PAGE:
The European Leadership Network (ELNET) and ELNET’s Forum of Strategic Dialogue (FSD) partnered with the Elcano Royal Institute to bring together senior policymakers and experts from Spain and Israel.

The dialogue addressed: the Ukraine war and its aftermath; new developments in the Middle East; rethinking European strategic autonomy; Israel’s constitutional debate and effects on national security; and Spain during the second half of 2023: elections and a key EU presidency. The discussions were conducted strictly under the Chatham House Rule.

The dialogue concluded with a special dinner hosted by the Ambassador of Spain to Israel, with keynote speeches by Chairman of the ‘New Hope’ party and Chair of the Knesset Israel-Spain Parliamentary Friendship Group MK Gideon Sa’ar, and Head of the Department of Technical Assistance to the General Secretariat and International Relations, Economic and Social Council of Spain Juan Moscoso del Prado Hernández. 

The dialogue was chaired by Maj. Gen. (ret.) Amos Yadlin, Chair, ELNET’s Forum of Strategic Dialogue; former Head of Israel’s Military Intelligence; former Director of the INSS. Participants included senior officials from Spanish and Israeli ministries of foreign affairs and defense, the Israel Defense Forces, the Spanish Prime Minister’s Office, politicians, as well as former officials, experts, journalists, and civil society representatives from Spain and Israel.

Below is a summary of the topics addressed:

The war in Ukraine and its aftermath

  • The war in Ukraine has revealed the enduring lethal potential of sustained high intensity interstate conflict, whilst also highlighting the significance of new features of the modern battlefield and heightening the threat of nuclear weapons use and proliferation.
  • Spain is strongly committed to NATO and the EU, and has provided military, economic, humanitarian and political support for Ukraine and the defence of NATO’s Eastern flank.
  • The conflict has significant knock-on effects in the Middle East, including EU sanctions, prompting Russia to seek to expand trade with Middle Eastern states.
  • Israeli officials stress that Israel supports Ukraine and coordinates with like-minded Western states to support sanctions.
  • Some Israelis called for a closer alignment with Europe on Ukraine, especially given the increasing strategic ties between Russia and Iran. 

New Developments in the Middle East

  • Spanish officials emphasized their support for closer cooperation between the EU and Israel, including in dealing with a destabilizing regional alignment of Russia, Iran and Syria.
  • They further emphasized Spain’s support for Arab-Israeli normalization in a form that will also advance the two-state solution. They are concerned that settlement expansion will hamper efforts to advance peace with the Palestinians and consequently also with Saudi Arabia.
  • Israelis stressed there is no Israeli consensus on settlements. Some argued that Israelis would compromise on settlements and territory in return for peace with Saudi Arabia, but that the entrenched Palestinian leadership remains a key obstacle to a two-state solution, and this should not stand in the way of Arab-Israeli normalization.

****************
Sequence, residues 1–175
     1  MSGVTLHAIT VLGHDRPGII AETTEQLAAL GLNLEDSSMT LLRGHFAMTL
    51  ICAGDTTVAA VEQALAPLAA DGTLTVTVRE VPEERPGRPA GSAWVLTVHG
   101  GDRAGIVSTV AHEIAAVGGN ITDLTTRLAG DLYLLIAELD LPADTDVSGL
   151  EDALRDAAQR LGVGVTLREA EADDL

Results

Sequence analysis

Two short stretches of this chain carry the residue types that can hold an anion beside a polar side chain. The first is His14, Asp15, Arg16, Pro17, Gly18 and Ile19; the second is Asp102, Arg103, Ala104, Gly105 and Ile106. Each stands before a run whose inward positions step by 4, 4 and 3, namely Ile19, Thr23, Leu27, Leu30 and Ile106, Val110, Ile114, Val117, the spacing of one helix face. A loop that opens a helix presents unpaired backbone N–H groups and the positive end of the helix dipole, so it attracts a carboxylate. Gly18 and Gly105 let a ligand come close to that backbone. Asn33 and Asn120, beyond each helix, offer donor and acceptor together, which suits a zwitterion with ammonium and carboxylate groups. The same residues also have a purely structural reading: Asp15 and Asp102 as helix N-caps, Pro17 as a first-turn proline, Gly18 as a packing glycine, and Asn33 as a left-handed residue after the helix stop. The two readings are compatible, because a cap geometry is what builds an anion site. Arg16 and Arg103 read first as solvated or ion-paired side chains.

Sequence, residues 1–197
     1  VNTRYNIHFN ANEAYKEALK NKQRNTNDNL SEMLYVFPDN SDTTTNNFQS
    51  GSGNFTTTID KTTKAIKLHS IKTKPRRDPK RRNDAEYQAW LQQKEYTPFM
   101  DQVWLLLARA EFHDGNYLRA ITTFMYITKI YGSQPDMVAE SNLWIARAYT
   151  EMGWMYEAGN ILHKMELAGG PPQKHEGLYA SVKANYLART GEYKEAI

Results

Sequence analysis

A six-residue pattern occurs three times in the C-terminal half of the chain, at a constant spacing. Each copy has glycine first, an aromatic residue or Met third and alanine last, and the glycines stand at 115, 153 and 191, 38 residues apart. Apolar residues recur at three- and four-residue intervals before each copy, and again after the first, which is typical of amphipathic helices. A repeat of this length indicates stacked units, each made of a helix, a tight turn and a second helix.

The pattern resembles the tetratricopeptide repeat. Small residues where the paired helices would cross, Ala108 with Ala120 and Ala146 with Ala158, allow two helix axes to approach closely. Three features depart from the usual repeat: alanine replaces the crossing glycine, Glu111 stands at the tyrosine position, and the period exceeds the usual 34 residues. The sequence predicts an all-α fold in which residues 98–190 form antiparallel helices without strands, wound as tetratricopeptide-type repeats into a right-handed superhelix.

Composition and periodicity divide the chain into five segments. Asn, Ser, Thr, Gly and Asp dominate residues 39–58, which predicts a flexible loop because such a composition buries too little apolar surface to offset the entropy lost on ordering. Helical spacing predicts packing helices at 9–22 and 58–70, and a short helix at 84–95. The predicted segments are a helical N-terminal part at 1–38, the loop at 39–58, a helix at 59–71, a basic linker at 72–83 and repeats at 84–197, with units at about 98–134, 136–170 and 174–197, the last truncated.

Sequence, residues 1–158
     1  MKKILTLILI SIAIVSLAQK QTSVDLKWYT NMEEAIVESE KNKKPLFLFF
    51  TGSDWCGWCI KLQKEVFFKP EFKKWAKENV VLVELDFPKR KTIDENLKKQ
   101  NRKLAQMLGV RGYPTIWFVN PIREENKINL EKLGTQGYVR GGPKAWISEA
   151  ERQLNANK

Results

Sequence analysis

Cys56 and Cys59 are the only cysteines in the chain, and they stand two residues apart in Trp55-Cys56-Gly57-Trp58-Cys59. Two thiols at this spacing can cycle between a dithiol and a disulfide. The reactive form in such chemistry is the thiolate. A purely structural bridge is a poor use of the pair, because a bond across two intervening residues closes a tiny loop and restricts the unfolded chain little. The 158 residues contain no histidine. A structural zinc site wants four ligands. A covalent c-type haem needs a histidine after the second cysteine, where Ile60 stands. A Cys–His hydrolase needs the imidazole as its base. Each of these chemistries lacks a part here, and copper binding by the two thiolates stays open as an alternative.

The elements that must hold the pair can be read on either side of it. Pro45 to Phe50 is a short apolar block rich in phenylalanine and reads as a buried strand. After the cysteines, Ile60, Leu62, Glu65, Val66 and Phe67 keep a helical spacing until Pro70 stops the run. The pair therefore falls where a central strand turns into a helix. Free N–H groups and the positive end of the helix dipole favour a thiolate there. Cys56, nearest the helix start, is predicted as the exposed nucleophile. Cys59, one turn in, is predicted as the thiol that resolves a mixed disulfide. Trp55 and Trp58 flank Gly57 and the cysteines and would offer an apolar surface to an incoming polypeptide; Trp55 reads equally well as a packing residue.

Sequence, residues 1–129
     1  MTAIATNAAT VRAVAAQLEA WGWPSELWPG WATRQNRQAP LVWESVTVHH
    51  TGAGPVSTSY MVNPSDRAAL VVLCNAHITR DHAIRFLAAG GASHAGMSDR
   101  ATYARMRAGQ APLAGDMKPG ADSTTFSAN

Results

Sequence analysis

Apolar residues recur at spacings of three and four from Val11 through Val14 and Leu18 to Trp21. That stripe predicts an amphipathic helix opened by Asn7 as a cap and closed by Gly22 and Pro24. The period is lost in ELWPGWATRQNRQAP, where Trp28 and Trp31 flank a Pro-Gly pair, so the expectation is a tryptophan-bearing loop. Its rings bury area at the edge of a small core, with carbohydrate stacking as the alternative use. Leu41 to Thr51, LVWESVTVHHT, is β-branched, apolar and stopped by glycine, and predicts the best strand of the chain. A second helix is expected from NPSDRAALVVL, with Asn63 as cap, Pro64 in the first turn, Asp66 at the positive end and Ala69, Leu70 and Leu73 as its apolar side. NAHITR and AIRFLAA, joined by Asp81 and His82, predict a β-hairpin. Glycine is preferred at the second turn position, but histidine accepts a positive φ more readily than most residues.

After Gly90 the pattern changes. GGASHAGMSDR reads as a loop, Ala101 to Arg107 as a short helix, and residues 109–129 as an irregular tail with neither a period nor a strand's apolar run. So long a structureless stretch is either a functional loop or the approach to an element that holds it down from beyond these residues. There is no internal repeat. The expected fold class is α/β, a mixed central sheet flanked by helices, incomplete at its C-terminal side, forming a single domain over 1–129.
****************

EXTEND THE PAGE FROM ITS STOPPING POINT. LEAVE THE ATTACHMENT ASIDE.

• Whilst Arab-Iranian rapprochement and Syria’s return to the Arab fold create a sense of fragile détente in the region, Iran’s nuclear programme and regional policies remain highly destabilizing.
  • For Israelis, Iran remains the strategic priority, and above all preventing its acquisition of nuclear weapons. UN restrictions on Iran acquiring ballistic missile technology sunset in October, during Spain’s presidency of the EU.
  • Hezbollah remains deterred from a direct confrontation with Israel but not from a dangerous force build up, presenting the risk of miscalculation.
  • Israel’s ‘warm peace’ with the UAE is signified by business and people to people ties but is endangered by several factors, including differences of political culture and Israel’s internal instability.

Rethinking European Strategic Autonomy

  • The Spanish presidency of the EU (July to December 2023) will include a focus on ‘Open Strategic Autonomy’.
  • Israel has an opportunity to share its success with Europeans in military and civilian fields.
  • However, there remains broad skepticism of the idea of a strategically autonomous Europe especially in the military sphere.
  • A further challenge to EU ambitions is the rise of the radical right, including in Spain where Vox could enter a coalition after the forthcoming general election.

Conclusions and Recommendations

✓ Spain should plan for how it will respond to the sunset of Iranian ballistic missile sanctions in October as Iran radically increases its stocks of high enriched Uranium, and there is urgent need for a coordinated long-term approach to the Iranian nuclear threat

✓ There is considerable scope for Israel to help meet the growing demand of Spain and its EU partners for both military and civilian technology, in ways that align with the EU agenda for ‘Open Strategic Autonomy’, and its ambition to close the gap with the US and China as a global actor.

✓ Israel should consider how it might further its cooperation with EU states over the Ukraine conflict, especially as Russia deepens its strategic ties to Iran.

✓ Israel and Spain should consider how the Abraham Accords, and in particular Israel’s normalization with Morocco, opens new opportunities for cooperation, including in renewable energy and food security.

✓ The Israeli government should be aware of the importance of Israel’s democratic character in its relations with European states, and the potential for its legislative reforms and its policies in the Palestinian arena to undermine its international legitimacy and opportunities of greater cooperation with European and Arab states.

Event originally published in ELNET, European Leadership Network, on July 25, 2023.

Photo gallery of the event: